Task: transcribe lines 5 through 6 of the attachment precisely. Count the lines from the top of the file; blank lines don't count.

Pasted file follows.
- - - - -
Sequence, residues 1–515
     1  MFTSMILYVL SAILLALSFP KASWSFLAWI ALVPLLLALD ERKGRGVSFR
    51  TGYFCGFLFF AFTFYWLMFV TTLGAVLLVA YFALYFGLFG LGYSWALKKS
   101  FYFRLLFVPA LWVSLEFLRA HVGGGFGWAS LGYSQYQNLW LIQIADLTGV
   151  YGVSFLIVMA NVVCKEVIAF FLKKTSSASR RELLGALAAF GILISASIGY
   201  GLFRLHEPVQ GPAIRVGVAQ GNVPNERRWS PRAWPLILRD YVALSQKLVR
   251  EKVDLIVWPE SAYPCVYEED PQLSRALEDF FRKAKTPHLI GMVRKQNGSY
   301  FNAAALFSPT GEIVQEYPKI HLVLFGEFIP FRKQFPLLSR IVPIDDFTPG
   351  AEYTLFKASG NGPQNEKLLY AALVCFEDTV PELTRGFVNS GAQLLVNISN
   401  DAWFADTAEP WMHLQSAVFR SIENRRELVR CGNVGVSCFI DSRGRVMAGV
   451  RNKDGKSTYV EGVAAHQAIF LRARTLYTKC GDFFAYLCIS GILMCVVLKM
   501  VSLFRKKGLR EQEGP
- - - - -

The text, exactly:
   151  YGVSFLIVMA NVVCKEVIAF FLKKTSSASR RELLGALAAF GILISASIGY
   201  GLFRLHEPVQ GPAIRVGVAQ GNVPNERRWS PRAWPLILRD YVALSQKLVR